Linux /Unix File Systems and Directories Command Line

Type of files used by Linux :

When working with Linux, you need to be aware of the fact that there are a number of different file types used by the file system. This is another area where the Linux file differ significantly from the widows file system. With a windows file system you basically have two different types in the file system.



You can have normal file, hidden file, shortcut file, word processing file, executable file, etc.

However, these are a variety of different file type used by the system.

File type as shown below:


File Type


Regular Files These files are like those used by the file systems of other operating system – e.g. Open files, executable files, images, text configuration files, etc.
Links These files are pointers that point to other files in the file system.
FIFOs FIFO stands for (First In First Out) these are special files used to move data from one running process on the system to another. A FIFO file is basically a queue where the first chunk of data added to the queue is the first chunk of the data removed from the queue. Data can only move in one direction through a FIFO.
Sockets Sockets are similar to FIFOs in that they are used to transfer information between sockets. With a socket, however, data can move bi-directionally.

Linux /Unix File Systems and Directories

Several major directories are associated with all modern Unix/Linux operating systems. These directories organize user files, drivers, kernels, logs, programs, utilities, and more into different categories. The standardization of the FHS makes it easier for user of other Unix-based operating systems to understand the basics of Linux. Every FHS start with the root directories, also known by its label, the single forward slash “/”. All the other directories shown in table are subdirectories of the root directory. Unless they are mounted separately, you can also find their files on the same partition as the root directory.


Command Description

/ The root directory, the top level directory in the FHS. All other directories are sub directories of root, which is always mounted on same partition. All directories that are not mounted on a separate partition are include in the root directories partition.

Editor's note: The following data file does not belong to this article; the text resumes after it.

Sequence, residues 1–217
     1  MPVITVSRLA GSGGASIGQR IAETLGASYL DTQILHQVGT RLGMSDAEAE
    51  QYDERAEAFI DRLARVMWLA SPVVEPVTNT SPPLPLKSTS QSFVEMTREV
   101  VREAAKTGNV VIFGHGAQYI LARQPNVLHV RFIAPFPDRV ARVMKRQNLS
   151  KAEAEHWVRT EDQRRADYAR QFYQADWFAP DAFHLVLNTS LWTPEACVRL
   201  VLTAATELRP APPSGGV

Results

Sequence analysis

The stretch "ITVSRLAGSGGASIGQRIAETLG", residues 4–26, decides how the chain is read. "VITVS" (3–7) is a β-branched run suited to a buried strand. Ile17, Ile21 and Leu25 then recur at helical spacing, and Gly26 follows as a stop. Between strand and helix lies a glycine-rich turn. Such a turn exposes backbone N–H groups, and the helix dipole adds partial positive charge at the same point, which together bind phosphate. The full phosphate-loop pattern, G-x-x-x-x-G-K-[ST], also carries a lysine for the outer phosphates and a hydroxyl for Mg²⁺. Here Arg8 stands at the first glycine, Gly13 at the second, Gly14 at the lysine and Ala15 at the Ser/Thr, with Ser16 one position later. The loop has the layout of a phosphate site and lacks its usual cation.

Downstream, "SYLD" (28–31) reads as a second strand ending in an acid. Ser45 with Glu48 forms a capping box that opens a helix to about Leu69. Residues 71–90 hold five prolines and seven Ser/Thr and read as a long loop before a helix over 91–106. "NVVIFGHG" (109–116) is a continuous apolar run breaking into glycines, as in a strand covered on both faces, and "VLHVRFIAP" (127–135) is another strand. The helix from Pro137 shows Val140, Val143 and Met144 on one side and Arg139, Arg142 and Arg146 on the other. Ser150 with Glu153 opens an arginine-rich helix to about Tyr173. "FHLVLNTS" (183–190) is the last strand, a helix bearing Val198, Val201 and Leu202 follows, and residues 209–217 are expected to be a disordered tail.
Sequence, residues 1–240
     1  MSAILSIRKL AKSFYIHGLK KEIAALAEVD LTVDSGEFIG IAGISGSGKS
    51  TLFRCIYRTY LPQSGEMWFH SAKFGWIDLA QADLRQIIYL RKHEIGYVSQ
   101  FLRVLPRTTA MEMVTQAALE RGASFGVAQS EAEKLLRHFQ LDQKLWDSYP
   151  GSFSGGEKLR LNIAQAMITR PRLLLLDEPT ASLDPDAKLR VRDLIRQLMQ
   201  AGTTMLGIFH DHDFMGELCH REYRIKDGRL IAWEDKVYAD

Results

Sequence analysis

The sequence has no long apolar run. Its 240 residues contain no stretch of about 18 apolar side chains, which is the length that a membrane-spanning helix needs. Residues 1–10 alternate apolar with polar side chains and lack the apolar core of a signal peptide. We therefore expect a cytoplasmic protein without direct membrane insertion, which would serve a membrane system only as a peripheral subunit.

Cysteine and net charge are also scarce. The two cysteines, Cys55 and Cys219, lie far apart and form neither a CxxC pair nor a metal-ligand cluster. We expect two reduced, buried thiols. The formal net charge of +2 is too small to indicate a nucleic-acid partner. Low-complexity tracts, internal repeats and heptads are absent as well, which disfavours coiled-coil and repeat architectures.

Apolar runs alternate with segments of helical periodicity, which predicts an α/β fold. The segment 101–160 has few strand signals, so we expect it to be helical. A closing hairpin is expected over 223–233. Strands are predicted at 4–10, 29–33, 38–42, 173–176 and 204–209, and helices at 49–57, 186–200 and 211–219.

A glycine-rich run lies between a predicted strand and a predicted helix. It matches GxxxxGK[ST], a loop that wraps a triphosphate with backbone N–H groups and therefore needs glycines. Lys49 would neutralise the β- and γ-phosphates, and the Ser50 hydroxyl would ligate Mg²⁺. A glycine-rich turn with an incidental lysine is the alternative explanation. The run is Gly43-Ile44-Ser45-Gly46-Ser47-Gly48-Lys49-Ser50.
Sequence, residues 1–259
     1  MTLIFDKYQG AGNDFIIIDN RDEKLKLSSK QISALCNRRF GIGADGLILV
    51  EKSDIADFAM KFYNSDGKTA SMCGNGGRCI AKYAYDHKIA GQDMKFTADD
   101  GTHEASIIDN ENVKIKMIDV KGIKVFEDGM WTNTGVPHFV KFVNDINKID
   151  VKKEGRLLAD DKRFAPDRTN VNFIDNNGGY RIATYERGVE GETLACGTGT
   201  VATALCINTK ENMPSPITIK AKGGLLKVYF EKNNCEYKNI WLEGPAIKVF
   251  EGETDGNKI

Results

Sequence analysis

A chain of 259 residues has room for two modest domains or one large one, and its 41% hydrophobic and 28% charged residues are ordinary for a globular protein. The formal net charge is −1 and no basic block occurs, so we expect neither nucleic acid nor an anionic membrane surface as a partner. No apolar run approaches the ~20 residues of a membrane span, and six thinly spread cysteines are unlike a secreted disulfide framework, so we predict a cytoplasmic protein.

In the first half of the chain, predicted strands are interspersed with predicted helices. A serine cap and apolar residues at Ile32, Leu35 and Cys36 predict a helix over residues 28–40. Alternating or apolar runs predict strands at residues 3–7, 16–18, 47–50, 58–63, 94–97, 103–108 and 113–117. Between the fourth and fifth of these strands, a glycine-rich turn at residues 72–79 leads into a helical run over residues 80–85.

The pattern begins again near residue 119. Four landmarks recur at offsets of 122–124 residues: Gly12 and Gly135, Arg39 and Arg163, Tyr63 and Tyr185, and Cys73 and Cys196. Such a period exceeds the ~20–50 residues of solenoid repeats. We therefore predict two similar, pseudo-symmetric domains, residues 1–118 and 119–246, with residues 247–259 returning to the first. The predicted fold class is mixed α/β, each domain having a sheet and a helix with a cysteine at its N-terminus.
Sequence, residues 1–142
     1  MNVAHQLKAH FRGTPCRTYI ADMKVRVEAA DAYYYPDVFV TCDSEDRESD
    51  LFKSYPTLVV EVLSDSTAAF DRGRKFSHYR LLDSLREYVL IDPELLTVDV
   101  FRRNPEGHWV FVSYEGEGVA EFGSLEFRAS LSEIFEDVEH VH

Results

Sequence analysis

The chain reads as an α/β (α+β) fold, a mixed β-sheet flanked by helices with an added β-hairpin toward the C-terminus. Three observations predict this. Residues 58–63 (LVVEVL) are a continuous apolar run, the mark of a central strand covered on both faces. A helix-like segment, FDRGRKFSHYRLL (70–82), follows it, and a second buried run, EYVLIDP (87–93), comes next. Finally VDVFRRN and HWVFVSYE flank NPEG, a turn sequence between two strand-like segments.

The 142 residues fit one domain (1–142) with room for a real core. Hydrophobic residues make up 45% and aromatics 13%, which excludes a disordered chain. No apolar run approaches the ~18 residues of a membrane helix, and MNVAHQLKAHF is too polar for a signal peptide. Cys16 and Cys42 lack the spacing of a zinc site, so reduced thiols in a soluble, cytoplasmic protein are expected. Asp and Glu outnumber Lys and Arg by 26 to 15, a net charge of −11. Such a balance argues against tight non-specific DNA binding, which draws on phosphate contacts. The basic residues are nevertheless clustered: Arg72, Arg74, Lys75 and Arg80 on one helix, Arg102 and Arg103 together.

/bin Essential command line utilities. Should not be mounted separately; otherwise, it could be difficult to get to these utilities when using a rescue disk.
/boot Includes Linux start up files, including the Linux Kernel. Can be small; 17MB usually adequate for a typical modular kernel. If you use multiple kernels, such as for testing a kernel upgrade, increase the size of this partition accordingly.
/etc Most basic configuration files.
/dev Hardware and software device drivers for everything from floppy drives to terminals. Do not mount this directory on separate partition.
/home Home directories are almost every user.
/lib Program library for the kernel and various command line utilities. Do not mount this directory on separate partition.
/mnt The mount point for the removable media including floppy drives, CD -ROM’s and zip disks.
/opt Application such as Wordperfect or Star Office.
/proc Currently running kernel-related process, including device assignment such as IRQ ports, I/O addresses, and DMA channels.
/root The home directory of the root user.
/sbin System administrator commands. Don’t mount this directory separately.
/tmp Temporary files. By default, Red Hat Linux deletes all files in this directory periodically.
/usr Small programs accessible to all user. Includes many system administrator commands and utilities.
/var Variable data, including log files and printer spools.


Some of the configuration files in  /etc directory that you should remember:




/etc /fstab Lists the partition and file systems that will be automatically mounted when the system boots.
/etc /group Contains local group definitions.
/etc /grup.cong Contains configuration parameters for the GRUP boot loader (assuming its being used on the system).
/etc /hosts Contains a list of hostname-to-IP address mapping the system can use to resolve hostnames.
/etc /inittab Contains configuration parameter for the init process.
/etc /init.d/ A subdirectory that contains starup script for services install on the system. On Fedora or Red Hat system, these are located in /etc /rc.d /init.d.
/etc /modules.conf Contains configuration parameters for your kernel modules.
/etc /passwd Contains your system user account.
/etc /shadow Contains encrypted passwords for your user accounts.
/etc /X11/ Contains configuration files for X windows.


In this assignment I will instruct you about some basic commands of Linux. You will get seven virtual terminals when you perform fill installations. Although you can use graphics for daily task but here we are preparing for RHCE exam so you must use command line interface. Because all questions are based on command line in RHCE Exam.


-P. M. Sagavekar

Leave a Reply

Your email address will not be published. Required fields are marked *